The S&P 500 (-0.6%), Nasdaq Composite (-0.5%), and Dow Jones Industrial Average (-0.1%) ended the week with modest declines, while the small-cap Russell outperformed with a 0.4% gain. The latter turned positive amid quadruple witching-options expiration activity at the end of the week.
To start, let’s recap the good economic data investors received this week:
- Total retail sales surprisingly increased 0.7% m/m in August
- Total CPI increased 0.3% m/m, which was better than feared
- The September Philadelphia Fed Index was much better than expected with a reading of 30.7
- The September Empire State Manufacturing Survey was much better than expected with a reading of 34.3
- The 4-week moving average for both initial claims and continuing claims continued to decrease
- Industrial production data for August increased in-line with expectations, unlike in China where it missed expectations
That’s a lot of good news, but nine of the 11 S&P 500 sectors still closed lower. The materials (-3.2%), utilities (-3.1%), industrials (-1.6%), and communication services (-1.2%) sectors underperformed with 1-3% losses. The energy (+3.3%) and consumer discretionary (+0.5%) sectors closed higher.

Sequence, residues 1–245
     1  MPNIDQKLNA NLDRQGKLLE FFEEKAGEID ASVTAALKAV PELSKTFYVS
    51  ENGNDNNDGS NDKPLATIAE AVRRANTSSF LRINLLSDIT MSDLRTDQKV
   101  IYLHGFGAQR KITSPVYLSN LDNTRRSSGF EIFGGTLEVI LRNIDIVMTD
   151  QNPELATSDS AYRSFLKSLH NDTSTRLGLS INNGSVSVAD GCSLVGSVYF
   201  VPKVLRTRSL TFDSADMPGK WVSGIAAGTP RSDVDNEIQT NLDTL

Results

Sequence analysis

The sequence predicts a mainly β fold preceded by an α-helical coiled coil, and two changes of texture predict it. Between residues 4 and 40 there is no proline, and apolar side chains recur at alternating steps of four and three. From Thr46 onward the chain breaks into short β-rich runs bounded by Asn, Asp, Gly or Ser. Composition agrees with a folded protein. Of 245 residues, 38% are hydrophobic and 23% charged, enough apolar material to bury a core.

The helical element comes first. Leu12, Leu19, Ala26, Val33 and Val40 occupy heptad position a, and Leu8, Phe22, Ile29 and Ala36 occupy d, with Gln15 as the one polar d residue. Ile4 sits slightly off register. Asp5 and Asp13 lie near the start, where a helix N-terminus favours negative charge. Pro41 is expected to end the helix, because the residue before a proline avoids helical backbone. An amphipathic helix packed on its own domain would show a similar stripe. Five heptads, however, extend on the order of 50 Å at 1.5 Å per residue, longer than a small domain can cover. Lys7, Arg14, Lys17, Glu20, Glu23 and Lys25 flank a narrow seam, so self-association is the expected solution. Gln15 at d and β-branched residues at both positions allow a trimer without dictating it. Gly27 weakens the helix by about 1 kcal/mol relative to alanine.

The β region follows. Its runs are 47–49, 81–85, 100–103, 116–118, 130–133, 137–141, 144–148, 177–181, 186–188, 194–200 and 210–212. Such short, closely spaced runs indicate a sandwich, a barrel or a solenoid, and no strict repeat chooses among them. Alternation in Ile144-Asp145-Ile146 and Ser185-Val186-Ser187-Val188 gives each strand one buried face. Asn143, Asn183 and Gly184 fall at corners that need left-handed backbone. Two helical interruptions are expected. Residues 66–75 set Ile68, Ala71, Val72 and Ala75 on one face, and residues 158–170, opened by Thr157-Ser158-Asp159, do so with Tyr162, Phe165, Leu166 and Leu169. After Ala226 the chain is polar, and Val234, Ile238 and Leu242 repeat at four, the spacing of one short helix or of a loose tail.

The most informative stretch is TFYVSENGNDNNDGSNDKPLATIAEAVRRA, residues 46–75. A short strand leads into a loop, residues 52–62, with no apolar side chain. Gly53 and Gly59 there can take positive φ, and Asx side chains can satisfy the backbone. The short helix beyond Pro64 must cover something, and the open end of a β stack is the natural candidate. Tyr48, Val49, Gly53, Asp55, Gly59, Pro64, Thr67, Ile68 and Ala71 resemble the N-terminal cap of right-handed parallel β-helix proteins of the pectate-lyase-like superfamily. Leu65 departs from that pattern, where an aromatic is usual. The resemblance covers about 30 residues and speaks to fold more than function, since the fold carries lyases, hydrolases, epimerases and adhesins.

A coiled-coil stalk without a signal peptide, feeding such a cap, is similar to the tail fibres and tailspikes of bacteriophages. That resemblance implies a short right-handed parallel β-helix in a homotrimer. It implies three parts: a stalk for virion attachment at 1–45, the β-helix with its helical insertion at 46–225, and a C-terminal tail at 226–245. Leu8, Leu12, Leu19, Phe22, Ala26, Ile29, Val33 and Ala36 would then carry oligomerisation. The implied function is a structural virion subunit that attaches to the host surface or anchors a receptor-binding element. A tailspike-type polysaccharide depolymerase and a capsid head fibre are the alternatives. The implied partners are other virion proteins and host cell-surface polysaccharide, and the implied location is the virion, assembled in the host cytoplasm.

The inference behind this discrepancy was that the market was wrestling with the peak growth narrative, which entails slower growth rates, especially when considering other negative-sounding factors.
In the corporate space, 3M (MMM), American Express (AXP), Comcast (CMCSA), PNC (PNC), and Timken (TKR) provided cautious-sounding business commentary. Apple (AAPL) didn’t excite investors with its annual product event. Oracle (ORCL) provided underwhelming earnings news.
In addition, not only was there uncertainty about infrastructure and the debt ceiling, but there were also growing problems in China. Beijing’s regulatory crackdown persisted, a Chinese province entered lockdown because of a Covid outbreak, and reports discussed the possibility of Evergrande — one of China’s largest property developers — defaulting on its debt.
There was one good rebound day this week, but sellers had a firm grip on the market, leaving the S&P 500 below its 50-day moving average (4436) on a closing basis. The Treasury market saw some selling interest, too, whether it was because of the decent economic data, cash-raising efforts, or technical factors. The 10-yr yield increased three basis points to 1.37%.
Week in perspective provided by Briefing.com